Moseley's January presentation arguably put WSF on thin legalistic ice. A 2003 state legislative finding declares that "if the state eliminates passenger-only ferry service on one or more routes, it should provide an opportunity for locally sponsored service and the department of transportation should assist in this effort." A 2006 enactment provides that "the Washington state ferry system shall collaborate with new and potential passenger-only ferry service providers ... for terminal operations at its existing terminal facilities."

In this year's session, the Legislature's supplemental transportation budget law joined the statutory chorus, demanding that the Washington State Department of Transportation "ensure that multimodal access, including for passenger-only ferries and transit service providers, is not precluded by any future modifications" at ferry terminals.

Asked in a telephone interview if WSF has now adjusted its plans, Moseley answered affirmatively: "Our job is to be responsive. Our response has been to work more diligently with passenger-only ferry providers ... so that we can get an agreement" on interim and permanent accommodation of foot-ferries.

Last week's report states that the finalized project will maintain passenger-only ferry service "in the vicinity" of Colman Dock. Asked what "in the vicinity" might mean for an interim or permanent passenger-only facility, Moseley spoke only in tentative terms. As an interim location, he mentioned either the north side of the dock or something attached to the south end. Pier 48, farther south, or the barge facility adjacent to it, could also host the temporary access.

And a permanent home?

"If it's related to Colman Dock, it would either go off the north end, between it and the fire station, or it would go off the south end, similar to where it is now." King County has also expressed interest in the Washington Street boat landing, he said.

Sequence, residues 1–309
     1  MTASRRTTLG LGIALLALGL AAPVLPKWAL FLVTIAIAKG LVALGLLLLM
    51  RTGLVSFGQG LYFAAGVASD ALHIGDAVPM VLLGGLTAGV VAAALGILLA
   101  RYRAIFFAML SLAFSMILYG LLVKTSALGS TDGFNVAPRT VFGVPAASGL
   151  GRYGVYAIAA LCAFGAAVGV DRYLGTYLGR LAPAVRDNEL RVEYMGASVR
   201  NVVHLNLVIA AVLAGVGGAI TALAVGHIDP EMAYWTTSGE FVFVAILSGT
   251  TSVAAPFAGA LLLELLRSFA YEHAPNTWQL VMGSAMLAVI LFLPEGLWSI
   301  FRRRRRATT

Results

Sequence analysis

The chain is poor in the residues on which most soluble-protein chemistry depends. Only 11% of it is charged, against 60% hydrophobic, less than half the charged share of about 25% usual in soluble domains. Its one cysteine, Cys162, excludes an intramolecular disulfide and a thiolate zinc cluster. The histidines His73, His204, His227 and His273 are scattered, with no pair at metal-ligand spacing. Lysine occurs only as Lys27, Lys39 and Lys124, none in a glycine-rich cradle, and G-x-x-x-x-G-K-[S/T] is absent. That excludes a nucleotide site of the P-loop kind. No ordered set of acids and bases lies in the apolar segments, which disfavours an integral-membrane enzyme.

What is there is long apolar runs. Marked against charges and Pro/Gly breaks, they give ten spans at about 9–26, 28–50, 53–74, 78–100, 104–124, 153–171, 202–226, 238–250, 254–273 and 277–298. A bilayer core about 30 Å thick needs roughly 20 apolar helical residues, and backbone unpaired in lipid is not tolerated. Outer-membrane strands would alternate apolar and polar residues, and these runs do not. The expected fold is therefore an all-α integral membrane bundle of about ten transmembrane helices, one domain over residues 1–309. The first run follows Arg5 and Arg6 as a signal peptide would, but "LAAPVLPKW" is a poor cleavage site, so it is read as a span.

At the Puget Sound Regional Council, which has played a supporting role in the pro-passenger-only ferry coalition, planner Steve Kiehl termed passenger service "an important component of [PSRC's] intermodal transportation plan" and said the interim location "should be real close or attached to Colman, ... making it work so we only move once, and then back."

Michelle Allison, legislative aide for King County Council member Joe McDermott, who chairs KCFD and has led the pro-passenger ferry forces, lauded the direction events are taking. "We believe we'll be able to come to a mutually beneficial project for all parties. We're delighted to be working closely with the state ferries."

Relations with WSF have changed as the dock controversy has unfolded, she said. "We're now speaking specifically about what we need."

Asked how many passenger-only berths the replacement facility should have – Two? Three? Eight? – she said, “Right in that range. We do want to leave opportunities for growth in any option.”

The WSF's timeline calls for wrapping up environmental review in late 2013, with design to be complete in 2015. By that point interim arrangements for ferry services will have to be in place and construction will then commence. The new dock is set to be finished by 2020.

Asked how the rebuilt dock will nest into Seattle's transportation infrastructure, Steve Pearce, who manages the city's Waterfront Seattle Project, underscored Colman's role as the ideal nexus for foot-ferries and land transit.

Pedestrians landing at the dock in 2020 may be greeted by new transit service traveling the rebuilt Alaskan Way, he said. That could mean a bus, a trolleybus, or, less likely, a streetcar. On an east-west axis, he anticipated, a trolleybus will take foot travelers up First Hill and beyond. With the viaduct gone, West Seattle buses could stop at the dock on their way to and from downtown. A bicycle route will pass directly in front of the dock.

"We're trying to bring a lot of transportation connections and options together in that location," he summarized. But, Pearce said,  the immediate concern is the dock.